The present case study documents in detail the initiation and expansion of the Sao Paulo SPP program; explains how its promoters overcame legal, institutional, administrative, market and mindset hurdles at each stage; and assesses the legal, administrative and procedural improvements needed to expand the program further. This in-depth account of the Sao Paulo State experience can prove particularly useful to developing countries and sub-national governments implementing or planning to implement SPP policies.

Download the case study here.

Good Practice in Socially Responsible Procurement

20 July 2012

The LANDMARK project has published a new document containing good practice approaches to verifying Socially Responsible Public Procurement (SRPP), taken from across Europe. This collection of current practice is a complementary publication to a legal guide “Verifying Social Responsibility in Supply Chains”, which provides in-depth legal perspectives on how verification can be achieved.

Ensuring that all workers throughout the supply chain are treated appropriately is challenging, especially when the extraction of raw materials and the manufacturing or production of goods occurs in different countries. Legitimate SRPP requires verifiable compliance with any social criteria stipulated in a tender, such as the exclusion of goods produced using child labour, or meeting the core International Labour Organisation (ILO) Conventions. Achieving this can be time-consuming and complex for suppliers and buyers alike.

Advances made towards SRPP despite these challenges, is therefore very encouraging. Numerous European municipalities have adopted a resolution to comply with the core ILO Conventions in the public procurement of products and services. Furthermore, many have started developing and applying verification schemes to ensure that suppliers are complying with the required social standards. This document outlines examples of this progress, using information provided by local governments from across Europe.The approaches towards verification and monitoring chosen by the public authorities differ both in focus and extent.

Download the Good Practice here.

EC to propose carbon label based on current energy grading system

6 July 2012

The European Commission is likely to propose a carbon dioxide emissions label similar to that of the current energy efficiency label, according to a report by Euractiv.com. The label will take into account the overall carbon footprint (the total set of greenhouse gas emissions released) of the product, allowing consumers to quickly evaluate the CO2 that has been emitted during manufacture, use and disposal.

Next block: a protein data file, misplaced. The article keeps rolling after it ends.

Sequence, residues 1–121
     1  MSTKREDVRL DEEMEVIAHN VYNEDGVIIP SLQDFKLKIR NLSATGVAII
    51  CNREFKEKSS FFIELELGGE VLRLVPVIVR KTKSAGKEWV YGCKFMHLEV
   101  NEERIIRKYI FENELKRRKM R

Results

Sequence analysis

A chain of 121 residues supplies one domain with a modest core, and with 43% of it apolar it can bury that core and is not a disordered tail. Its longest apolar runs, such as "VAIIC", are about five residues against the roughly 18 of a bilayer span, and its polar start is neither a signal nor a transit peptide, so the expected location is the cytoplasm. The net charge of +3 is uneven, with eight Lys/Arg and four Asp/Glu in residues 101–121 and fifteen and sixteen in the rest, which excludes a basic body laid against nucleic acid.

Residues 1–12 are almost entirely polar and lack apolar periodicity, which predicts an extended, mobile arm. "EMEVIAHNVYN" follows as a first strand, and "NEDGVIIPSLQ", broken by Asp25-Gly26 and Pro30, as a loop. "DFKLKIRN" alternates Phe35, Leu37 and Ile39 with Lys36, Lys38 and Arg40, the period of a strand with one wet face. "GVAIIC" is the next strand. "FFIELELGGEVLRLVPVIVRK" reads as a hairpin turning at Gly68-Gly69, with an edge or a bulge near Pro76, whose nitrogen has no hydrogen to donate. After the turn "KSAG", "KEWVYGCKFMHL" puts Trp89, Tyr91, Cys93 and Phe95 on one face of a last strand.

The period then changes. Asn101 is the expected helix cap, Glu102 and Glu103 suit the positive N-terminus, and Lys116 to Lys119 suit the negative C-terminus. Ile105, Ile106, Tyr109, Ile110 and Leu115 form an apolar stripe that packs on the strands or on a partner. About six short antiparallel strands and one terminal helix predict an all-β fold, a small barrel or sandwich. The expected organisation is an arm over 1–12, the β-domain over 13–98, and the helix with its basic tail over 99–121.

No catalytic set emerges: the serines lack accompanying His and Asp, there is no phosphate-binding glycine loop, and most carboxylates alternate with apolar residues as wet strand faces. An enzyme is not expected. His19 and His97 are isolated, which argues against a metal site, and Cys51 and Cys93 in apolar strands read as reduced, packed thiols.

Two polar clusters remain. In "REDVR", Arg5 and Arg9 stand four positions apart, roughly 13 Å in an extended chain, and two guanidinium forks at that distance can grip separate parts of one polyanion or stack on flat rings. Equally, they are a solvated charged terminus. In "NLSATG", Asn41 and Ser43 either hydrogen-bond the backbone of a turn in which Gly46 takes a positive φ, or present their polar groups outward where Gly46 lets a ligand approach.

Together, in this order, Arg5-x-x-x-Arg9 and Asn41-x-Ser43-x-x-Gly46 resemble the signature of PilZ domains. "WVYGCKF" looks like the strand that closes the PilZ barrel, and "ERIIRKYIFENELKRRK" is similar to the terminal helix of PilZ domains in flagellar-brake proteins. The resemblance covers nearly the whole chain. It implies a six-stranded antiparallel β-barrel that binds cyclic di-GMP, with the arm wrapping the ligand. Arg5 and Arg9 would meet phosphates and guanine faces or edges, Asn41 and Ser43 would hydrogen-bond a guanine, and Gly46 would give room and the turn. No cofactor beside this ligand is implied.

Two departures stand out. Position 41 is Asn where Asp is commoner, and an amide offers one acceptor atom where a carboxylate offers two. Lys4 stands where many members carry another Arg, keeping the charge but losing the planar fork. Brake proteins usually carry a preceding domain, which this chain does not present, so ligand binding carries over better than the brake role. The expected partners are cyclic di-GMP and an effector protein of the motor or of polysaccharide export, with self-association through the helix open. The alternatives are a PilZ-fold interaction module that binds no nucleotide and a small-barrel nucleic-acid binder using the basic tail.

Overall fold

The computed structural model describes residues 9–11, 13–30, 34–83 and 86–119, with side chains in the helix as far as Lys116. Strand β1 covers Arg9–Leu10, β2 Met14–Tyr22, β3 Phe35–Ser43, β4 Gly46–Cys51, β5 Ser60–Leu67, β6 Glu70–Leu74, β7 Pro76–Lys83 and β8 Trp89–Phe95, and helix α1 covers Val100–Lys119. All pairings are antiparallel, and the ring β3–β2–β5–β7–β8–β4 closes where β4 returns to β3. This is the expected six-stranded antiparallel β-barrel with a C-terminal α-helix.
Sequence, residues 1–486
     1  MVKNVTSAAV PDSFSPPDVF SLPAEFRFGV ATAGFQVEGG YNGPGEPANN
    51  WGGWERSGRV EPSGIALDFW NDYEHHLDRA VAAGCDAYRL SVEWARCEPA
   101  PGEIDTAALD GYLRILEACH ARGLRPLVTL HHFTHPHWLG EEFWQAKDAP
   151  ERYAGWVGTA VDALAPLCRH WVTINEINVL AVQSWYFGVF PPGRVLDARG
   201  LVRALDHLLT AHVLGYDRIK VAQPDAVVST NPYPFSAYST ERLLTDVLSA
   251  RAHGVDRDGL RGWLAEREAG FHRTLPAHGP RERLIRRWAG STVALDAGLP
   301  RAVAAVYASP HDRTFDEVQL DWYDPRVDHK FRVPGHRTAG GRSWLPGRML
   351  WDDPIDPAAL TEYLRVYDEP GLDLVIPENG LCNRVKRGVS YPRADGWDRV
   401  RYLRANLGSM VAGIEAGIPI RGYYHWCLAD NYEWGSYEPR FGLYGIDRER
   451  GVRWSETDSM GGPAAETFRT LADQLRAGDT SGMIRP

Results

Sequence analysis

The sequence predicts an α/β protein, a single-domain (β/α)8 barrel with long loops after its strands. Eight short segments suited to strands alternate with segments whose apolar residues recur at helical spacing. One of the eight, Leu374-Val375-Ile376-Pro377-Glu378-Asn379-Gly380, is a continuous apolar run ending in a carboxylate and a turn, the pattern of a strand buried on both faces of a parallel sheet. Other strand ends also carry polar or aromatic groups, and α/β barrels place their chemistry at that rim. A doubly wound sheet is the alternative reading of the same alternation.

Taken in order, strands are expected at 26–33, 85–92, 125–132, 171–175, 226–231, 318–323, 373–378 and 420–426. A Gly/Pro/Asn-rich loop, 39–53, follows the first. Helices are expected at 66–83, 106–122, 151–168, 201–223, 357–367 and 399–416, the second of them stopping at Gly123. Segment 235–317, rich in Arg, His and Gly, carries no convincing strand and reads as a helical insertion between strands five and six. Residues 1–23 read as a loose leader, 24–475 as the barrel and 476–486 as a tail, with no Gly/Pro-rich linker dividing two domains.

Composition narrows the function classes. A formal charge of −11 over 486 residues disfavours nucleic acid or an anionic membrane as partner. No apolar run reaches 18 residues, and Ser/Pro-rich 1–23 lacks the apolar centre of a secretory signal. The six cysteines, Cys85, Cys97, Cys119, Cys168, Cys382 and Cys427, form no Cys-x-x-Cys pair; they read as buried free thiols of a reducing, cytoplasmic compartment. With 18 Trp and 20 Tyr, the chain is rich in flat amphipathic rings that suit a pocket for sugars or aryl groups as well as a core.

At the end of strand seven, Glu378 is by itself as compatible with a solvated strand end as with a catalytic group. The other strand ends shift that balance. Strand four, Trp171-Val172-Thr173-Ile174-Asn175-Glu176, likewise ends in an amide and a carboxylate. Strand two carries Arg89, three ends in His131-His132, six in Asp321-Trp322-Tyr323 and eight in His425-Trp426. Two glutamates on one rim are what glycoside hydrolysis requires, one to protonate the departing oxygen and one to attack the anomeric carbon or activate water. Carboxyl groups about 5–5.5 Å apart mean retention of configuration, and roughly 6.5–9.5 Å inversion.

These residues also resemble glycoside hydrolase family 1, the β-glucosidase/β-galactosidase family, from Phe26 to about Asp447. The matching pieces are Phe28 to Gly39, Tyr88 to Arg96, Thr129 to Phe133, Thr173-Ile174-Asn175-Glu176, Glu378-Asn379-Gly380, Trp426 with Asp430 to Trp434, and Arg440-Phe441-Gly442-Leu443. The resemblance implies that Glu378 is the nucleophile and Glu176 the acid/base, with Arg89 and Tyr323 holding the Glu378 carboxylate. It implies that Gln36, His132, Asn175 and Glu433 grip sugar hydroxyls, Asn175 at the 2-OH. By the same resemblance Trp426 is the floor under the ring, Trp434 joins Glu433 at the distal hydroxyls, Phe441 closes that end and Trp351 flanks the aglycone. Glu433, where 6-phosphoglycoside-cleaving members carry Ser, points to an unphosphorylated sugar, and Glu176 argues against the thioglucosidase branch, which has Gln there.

In a survey the EC found that the current energy efficiency labels were “quite familiar to consumers”, as well as being easily understandable. “This approach could simplify the way in which the information is delivered, without requiring a simplistic approach,” said Joe Hennon, spokesman for Environment Commissioner Janez Potočnik. Although condensing the complexity of Life-Cycle Assessment to a coded label may be challenging, a recently conducted analysis by the European Commission found that straight-forward labelling is key to affecting consumer behaviour.

The study concluded that too many environmental indicators confuse consumers, information should come from a trusted and ideally third-party source (not the manufacturer), and that general terms for indicators and simpler rating systems and units of measurement are better than technical descriptions. It was also noted that information should be provided at the point of purchase for maximum impact on behaviour.

For more information, click here.

Energy Efficiency Directive agreed upon at EU negotiations

5 July 2012

The Energy Efficiency Directive, which sets out binding energy legislation for EU member states, has been agreed upon by the European Parliament, Commission and Council. Although the measures put in place will contribute to improving energy security, boosting the European economy and tackling climate change, some members of the European Parliament argue that the Directive does not go far enough to meet Europe's goal of a 20 percent energy reduction by 2020.

Claude Turmes, the Green MEP from Luxembourg who was leading the negotiation on behalf of the European Parliament has asked the Commission to propose additional measures for transport to increase the directives efficacy, which could potentially lead to new standards for car fuel efficiency. Energy Commissioner Günther Oettinger welcomed the deal, saying: "This is a big step ahead: for the very first time we have legally binding energy efficiency measures. Europe is now much better placed to achieve its 20 percent energy efficiency target for 2020".

Under the legislation each member state is obliged to draw up a roadmap to make the buildings sector more energy efficient by 2050. Other detailed measures include binding financial instruments for energy efficiency and better consumer information, such as through the use of smart meters. It was agreed that all measures in the directive will be gradually phased in, allowing more time for EU member states and industries to prepare.